strawberry rhubarb soda syrup
adding the fizz

One year ago: Dark Chocolate Coconut Macaroons
Two years ago: Spinach and Smashed Egg Toast
Three years ago: Over-the-Top Mushroom Quiche
Four years ago: French Onion Soup
Five years ago: Tangy Spiced Brisket and Radicchio Apple and Pear Salad
Six years ago: Artichokes Braised in Lemon and Olive Oil and Chewy Amaretti Cookies
Seven years ago: Shaker Lemon Pie
Eight years ago: Arborio Rice Pudding and Potato Rosemary Bread

And for the other side of the world:
Six Months Ago: Better Chocolate Babka
1.5 Years Ago: Purple Plum Torte
2.5 Years Ago: Cumin Seed Roasted Cauliflower with Yogurt
3.5 Years Ago: Quick Chicken Noodle Soup

Strawberry Rhubarb Soda Syrup

Yield: 3 cups, if you’re patient

1 pound strawberries, stems removed and halved
1 pound rhubarb, chopped into 1/2-inch segments
1 cup granulated sugar
1 cup water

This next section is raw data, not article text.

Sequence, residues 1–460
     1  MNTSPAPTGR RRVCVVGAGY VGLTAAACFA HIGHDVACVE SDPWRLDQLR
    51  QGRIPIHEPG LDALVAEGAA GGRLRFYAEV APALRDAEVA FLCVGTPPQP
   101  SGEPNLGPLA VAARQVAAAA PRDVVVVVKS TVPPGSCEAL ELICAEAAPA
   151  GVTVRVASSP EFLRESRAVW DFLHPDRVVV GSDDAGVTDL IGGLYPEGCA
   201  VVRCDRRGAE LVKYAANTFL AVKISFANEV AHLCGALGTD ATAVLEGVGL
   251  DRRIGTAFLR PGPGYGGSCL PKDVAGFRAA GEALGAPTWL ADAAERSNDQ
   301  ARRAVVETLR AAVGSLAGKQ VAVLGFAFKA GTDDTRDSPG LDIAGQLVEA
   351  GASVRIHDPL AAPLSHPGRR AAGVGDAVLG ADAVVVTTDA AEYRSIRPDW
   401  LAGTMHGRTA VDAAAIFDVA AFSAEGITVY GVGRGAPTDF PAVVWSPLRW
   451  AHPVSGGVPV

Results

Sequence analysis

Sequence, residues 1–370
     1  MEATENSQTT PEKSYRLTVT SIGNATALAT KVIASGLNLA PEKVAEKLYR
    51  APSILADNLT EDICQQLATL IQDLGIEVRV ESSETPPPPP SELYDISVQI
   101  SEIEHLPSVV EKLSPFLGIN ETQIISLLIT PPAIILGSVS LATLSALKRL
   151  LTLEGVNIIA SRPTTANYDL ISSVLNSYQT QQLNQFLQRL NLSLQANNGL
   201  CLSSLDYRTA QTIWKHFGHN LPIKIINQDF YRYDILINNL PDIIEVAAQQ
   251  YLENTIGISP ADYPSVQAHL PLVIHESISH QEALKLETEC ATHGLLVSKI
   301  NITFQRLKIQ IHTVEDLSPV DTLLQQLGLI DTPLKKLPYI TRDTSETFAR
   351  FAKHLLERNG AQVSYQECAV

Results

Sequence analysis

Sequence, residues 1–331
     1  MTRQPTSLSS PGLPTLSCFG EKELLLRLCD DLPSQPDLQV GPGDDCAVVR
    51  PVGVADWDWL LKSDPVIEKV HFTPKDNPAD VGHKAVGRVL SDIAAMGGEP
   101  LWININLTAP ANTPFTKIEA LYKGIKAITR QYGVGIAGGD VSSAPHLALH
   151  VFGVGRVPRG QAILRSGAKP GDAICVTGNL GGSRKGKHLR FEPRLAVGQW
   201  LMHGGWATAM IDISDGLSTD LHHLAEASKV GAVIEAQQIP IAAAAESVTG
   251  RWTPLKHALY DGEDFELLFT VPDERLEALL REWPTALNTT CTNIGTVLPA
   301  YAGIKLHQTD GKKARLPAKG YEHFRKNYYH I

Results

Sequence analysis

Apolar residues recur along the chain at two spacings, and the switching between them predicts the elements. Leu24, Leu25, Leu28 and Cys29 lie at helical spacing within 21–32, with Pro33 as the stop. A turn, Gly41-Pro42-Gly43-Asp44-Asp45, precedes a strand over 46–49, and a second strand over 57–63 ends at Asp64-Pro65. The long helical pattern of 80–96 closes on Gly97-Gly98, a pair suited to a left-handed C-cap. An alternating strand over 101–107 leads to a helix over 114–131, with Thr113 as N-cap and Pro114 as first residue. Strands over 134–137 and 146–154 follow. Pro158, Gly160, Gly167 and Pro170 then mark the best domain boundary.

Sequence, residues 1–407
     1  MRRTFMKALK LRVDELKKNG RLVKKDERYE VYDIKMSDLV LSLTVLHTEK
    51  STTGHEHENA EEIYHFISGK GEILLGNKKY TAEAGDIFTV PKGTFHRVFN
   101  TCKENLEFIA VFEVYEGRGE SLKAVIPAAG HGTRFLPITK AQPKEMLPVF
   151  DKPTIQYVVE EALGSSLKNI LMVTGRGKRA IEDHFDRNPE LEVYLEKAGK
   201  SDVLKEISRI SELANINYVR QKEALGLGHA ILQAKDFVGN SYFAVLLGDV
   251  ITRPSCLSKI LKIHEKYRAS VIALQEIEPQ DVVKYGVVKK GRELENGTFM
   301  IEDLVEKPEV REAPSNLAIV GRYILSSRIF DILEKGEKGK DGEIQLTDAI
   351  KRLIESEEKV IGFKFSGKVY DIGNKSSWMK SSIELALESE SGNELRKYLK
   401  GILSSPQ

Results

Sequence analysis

1 lemon

Combine strawberries, rhubarb, sugar and water in a large saucepan. Remove several strips of peel from lemon with a knife or peeler and add them to the pot. Bring mixture to a boil and then reduce it to a gentle simmer. Simmer for 20 minutes, or until fruit has completely collapsed, stirring occasionally. Remove from heat, add the juice of half the lemon (or more, to taste) and let fruit cool in syrup for maximum infusion. Once cool, pour mixture through a fine-mesh strainer (or, if you only have a coarse one, line it with cheesecloth or a lint-free towel); press solids with the back of a spoon or spatula to get the most syrup from them. You should have 2 cups right away, but I had to run an errand, left mine sitting in the strainer and was delighted to find 3 full cups of syrup when I got back. Pour into a glass bottle and chill until needed.

Save fruit pulp in a separate container; it can be used to stir into plain yogurt, oatmeal or even dollop on pancakes. (Be sure to fish out or at least look out for lemon peels if you do.)

To make 1 glass of soda, pour 2 tablespoons of the syrup in the bottom of a glass, fill with ice and then seltzer or sparkling water. Give it a stir and add more syrup to taste; for a large glass, you might use up to 2 tablespoons more. Garnish with a lemon wedge, if you wish. Drink and pretend it’s spring.

Do ahead: Syrup should keep in the fridge for at least three weeks, if not longer.